For the “m” sound,  at the same time you press your lips together, make a loud voice from your throat.  This “m “ is a slow sound.

For the “p” sound, at the same time you push your stiff lips together, push a strong burst of air from your lungs.  If you want to, you can put your hand in front of your mouth to be certain you can feel the strong puff of air you need for the “p” sound in English.

So what do you aim for?  You aim for and get strong, loud English consonants at the ends of words. And  get strong, loud consonants at the end of every syllable in a multiple syllable word. That’s because every syllable in English has a meaning.

Bad news and good news.  Bad news first.  All this is so simple and  complex at the same time.  You’ve got to coordinate muscles while you are making speech muscles strong.

Good news is that you have been coordinating  muscles of your mouth and other parts of your  body ever since you took and swallowed first milk.  And you’ve been coordinating muscles of your mouth and the rest of what would become an organized speech system ever since you spoke your first baby sounds and words.

More  muscle  coming in the next blog.

copyright Clear Talk Mastery, Inc. 2020

Do You Know How to Prevent Speaking Mistakes?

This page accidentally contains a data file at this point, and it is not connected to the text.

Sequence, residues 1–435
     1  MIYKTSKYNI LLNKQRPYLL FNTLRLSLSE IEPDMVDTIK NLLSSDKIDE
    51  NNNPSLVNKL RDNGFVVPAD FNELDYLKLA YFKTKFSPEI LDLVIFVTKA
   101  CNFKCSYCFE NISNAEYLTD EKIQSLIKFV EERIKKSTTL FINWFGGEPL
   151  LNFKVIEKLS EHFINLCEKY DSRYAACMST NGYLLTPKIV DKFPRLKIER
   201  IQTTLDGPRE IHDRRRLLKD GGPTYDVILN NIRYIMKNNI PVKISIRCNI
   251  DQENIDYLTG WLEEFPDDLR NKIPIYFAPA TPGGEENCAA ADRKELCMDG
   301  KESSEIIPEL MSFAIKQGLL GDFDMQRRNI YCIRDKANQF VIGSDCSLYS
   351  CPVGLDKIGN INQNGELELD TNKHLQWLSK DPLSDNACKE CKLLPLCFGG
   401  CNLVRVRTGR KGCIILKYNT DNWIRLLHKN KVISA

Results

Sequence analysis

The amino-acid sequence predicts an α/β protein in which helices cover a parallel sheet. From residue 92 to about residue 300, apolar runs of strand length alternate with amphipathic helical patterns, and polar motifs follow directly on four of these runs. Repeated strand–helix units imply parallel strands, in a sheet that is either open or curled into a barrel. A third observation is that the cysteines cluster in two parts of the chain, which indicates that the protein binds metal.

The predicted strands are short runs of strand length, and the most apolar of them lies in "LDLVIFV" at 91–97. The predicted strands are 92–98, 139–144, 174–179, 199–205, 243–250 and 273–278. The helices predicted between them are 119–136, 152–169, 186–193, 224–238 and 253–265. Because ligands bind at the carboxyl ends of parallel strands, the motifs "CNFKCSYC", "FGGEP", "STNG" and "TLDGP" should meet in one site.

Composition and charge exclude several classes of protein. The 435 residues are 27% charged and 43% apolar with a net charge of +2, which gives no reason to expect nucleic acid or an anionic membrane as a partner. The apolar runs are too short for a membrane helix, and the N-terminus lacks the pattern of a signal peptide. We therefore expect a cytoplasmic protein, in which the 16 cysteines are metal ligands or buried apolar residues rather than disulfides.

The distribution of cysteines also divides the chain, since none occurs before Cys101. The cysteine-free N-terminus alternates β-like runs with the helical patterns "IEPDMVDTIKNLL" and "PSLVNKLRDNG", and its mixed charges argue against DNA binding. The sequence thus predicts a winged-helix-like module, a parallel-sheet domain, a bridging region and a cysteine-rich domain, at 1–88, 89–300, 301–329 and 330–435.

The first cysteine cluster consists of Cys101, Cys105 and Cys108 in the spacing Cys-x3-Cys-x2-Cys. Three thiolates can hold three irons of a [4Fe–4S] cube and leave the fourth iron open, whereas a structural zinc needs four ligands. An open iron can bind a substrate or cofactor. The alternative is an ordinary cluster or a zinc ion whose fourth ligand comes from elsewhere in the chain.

Date of Blog,  Thursday, July 16, 2020

Title: Do  You Know How to Prevent Speaking Mistakes?

Do you know how to prevent speech mistakes?   When you realize a difficult word  to pronounce is coming up, then slow down and say that word letter by letter, syllable by syllable. Say each sound CAREFULLY.

This is exactly what native-born and non-native born speakers of English do!

It is OK to pause or stop right before the word to figure out in your brain “how” to say the difficult English speech sound.

Aim for perfect consonant pronunciation.

Determine the accurate vowel pronunciation and do perfect pronunciation.

Just to remind you.  There are fourteen (14) American English vowel sounds.  There are five letters “a”, “e”, “I”, “o”, “u” always used, and sometimes “y” is a vowel sound.

Just to remind you, there are three  syllable structure rules for North  American English “long” vowels-  1) open syllable structure rule,  like in the words “be, no”,

2) silent “e” syllable structure rule, like in the words “smile, bike”, and

3) digraph syllable structure rule, like  “tie, bloat”.

And there is one syllable structure rule for North American “short” vowels—1) closed syllable structure rule,  like in the memory words “hat”, “bed”, “it and hit”, “not”, “up, hush”.

Just to repeat—to prevent speaking mistakes, just slow down and pronounce every consonant and vowel with great care and accuracy when you get to it.

Posted as a Blog

The Real Thing

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The Real Thing

There is no substitute for the real thing.  A 30-second demonstration is more effective than 30 minutes of words.

Strong Verbs

Strong Verbs

Do you want to make your communication direct and to the point? Consider using those verbs that describe movements of the human body.  These are great substitutions for abstract verbs.  Here’s a list for you:

bear, blow, break, bring, call, carry, cast, catch, come, cut, do draw, drive drop, fall, get, give go, hang, hold, keep, lay, let, look, make, pick, pull, push, put, run, set, shake, show, skip, slip, split, stand, stay, stick, strike, take, talk, tear, throw, tie, touch, turn, walk, wear, work